Microsoft Azure Virtual Machine Readiness Assessment


Are you interested in moving virtual machines to Microsoft Azure? Are you finding it difficult to assess workload readiness for Azure? Look no further, the Microsoft Azure Virtual Machine Readiness Assessment tool is here to assist.

The Virtual Machines Readiness Assessment tool automatically inspects your on-premises environment, whether it is physical or virtualized, and provides you with a check list and detailed report on steps you need to take to move your workloads to the cloud.

After the assessment takes place a report is generated providing a checklist of workload attributes/configuration that are ready to move and if applicable, need further investigation before moving. Fortunately the report provides expert advice and links to how to resolve any issues and prepare the workload for a move to Microsoft Azure.


Let’s get started

Download and install the Virtual Machine Readiness Assessment tool. Launch the tool and you’ll be taken to the following screen:


From the drop-down menu, select the type of workload you’d like to assess:


Once the workload is selected, select Start Assessment (I’ve selected SQL Server for this walk-through as shown below):


Select Next on the next two screens:



At this point you’ll need to answer a few questions about the workload (e.g. SQL Server):











Once all the questions are answered, fill in the information required about where the environment is hosted. For example, a single SQL Server host name or a SQL Cluster host name.


The tool will now collect and analyze the environment and generate a report:





Once the analysis is complete, select Save and view report:



Reviewing the Assessment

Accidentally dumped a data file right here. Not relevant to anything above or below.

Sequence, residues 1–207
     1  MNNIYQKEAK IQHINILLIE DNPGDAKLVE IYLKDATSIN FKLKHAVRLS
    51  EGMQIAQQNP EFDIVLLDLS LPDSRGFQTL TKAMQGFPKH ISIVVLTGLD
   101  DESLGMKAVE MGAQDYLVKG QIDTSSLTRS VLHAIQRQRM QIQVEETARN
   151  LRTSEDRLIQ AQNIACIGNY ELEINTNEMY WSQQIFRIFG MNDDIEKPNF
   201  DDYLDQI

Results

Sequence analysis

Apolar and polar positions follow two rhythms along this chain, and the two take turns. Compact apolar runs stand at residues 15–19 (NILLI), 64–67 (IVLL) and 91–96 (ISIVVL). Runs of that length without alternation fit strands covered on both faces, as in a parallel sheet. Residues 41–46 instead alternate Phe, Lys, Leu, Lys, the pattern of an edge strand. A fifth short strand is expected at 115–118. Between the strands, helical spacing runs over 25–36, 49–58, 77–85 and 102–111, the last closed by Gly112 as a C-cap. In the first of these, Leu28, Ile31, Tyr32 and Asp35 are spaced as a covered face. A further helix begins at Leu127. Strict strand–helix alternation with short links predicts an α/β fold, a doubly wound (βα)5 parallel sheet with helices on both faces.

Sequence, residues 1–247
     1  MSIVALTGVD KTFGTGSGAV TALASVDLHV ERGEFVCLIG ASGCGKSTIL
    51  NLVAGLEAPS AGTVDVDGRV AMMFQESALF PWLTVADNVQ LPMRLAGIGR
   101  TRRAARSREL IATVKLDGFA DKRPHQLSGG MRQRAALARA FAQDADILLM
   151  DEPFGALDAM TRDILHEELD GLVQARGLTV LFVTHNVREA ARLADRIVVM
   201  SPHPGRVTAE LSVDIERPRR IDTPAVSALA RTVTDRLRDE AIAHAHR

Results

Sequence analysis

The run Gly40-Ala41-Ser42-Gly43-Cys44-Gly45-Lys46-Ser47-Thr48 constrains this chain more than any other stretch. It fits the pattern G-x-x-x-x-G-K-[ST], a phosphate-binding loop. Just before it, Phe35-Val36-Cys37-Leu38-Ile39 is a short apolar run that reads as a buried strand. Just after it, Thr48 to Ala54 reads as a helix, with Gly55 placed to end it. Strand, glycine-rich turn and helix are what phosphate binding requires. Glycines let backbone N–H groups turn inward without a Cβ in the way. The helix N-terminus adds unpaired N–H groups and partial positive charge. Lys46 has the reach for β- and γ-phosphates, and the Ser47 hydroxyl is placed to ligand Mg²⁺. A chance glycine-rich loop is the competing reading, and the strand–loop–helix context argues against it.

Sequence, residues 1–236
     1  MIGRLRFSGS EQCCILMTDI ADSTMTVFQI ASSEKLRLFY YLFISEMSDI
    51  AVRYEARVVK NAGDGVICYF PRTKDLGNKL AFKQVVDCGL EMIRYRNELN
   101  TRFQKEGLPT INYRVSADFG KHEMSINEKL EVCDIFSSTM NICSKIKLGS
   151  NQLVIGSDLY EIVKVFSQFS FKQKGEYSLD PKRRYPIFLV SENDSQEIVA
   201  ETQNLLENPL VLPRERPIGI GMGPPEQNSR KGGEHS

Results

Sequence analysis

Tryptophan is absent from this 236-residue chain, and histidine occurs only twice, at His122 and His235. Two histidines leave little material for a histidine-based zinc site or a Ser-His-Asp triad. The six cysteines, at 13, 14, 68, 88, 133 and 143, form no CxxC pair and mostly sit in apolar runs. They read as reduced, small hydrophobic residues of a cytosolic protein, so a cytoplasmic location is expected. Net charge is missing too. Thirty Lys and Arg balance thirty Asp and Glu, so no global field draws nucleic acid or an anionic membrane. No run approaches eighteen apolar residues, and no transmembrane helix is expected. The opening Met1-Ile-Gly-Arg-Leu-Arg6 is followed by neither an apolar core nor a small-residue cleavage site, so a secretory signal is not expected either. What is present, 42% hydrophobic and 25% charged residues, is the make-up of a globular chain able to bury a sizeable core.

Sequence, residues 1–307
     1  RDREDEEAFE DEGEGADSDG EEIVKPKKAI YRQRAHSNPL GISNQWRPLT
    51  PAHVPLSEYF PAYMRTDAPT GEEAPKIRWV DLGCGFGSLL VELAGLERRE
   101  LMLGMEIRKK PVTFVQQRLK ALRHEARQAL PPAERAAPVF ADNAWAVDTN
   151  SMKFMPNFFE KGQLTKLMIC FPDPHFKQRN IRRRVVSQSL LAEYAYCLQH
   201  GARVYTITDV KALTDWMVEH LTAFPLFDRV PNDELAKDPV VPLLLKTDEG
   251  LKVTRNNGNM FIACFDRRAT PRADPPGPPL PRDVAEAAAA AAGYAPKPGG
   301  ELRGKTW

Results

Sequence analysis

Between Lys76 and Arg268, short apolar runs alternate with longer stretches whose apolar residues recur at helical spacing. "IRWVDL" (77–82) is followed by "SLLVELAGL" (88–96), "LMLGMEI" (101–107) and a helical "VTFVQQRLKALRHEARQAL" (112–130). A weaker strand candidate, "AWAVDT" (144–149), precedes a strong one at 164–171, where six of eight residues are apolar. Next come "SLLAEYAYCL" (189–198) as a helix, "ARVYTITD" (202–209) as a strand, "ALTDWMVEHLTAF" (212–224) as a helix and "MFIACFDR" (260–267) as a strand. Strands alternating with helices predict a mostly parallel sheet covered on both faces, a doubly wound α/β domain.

The assessment walks you through three sections, Ready, Set, and Move.


Description of Ready, Set, and Move


Checklist from the SQL Server assessment performed


Example from “Ready” section


Example from “Set” section

Use Max Server Memory to control memory usage by the buffer pool, the operating system, and other applications running on the server


The Max Server Memory configuration option sets a limit on the maximum size of the buffer pool. The buffer pool is the largest pool of memory in SQL Server that is used for caching data and indexes. When an instance of SQL Server starts, the buffer pool starts with only a limited amount of memory that it needs to initialize. As the workload increases, the buffer pool acquires more memory in order to support the workload. If the workload keeps increasing, the buffer pool keeps growing until it reaches the size defined by the Max Server Memory option. The default value for Max Server Memory is 2,147,483,647 MB. Leaving this option at its default value on an instance of SQL Server that is experiencing a heavy workload may result in the buffer pool consuming all the memory that it wants; thereby not leaving enough memory for other applications, the operating system, and other pools of SQL Server.


Suggested actions


1) Use sp_configure or SQL Server Management Studio to always set the Max Server Memory option to a value less than the amount of installed physical RAM. The value of this option should be chosen such that if the buffer pool reaches its maximum size, enough memory is left for:

a) The operating system

b) Processes and applications such as antivirus, monitoring tools, and backup

c) SQL Server features such as SSAS, SSRS, and SSIS

d) Other instances of SQL Server installed on the same server

2) On SQL Server instances that host BizTalk Server databases or SAP applications, set the Max Server Memory and Min Server Memory to the same value.

Read more

Server Memory Server Configuration Options

Effects of min and max server memory

Checklist: Configuring SQL Server (BizTalk)




Example from “Move” section

Make sure you don’t have unattend.xml configured


Windows Azure virtual machines leverage the sysprep process. Having a custom unattend.xml can prevent your OS from being provisioned or starting up.

Read more

Using answer files in Windows to automate setup





Now that the assessment is complete it’s time to analyze what it would cost to run VMs in Azure using the Azure Cost Estimator Tool.

Interested in seeing additional workloads or would like to provide feedback?

Visit the Azure forum: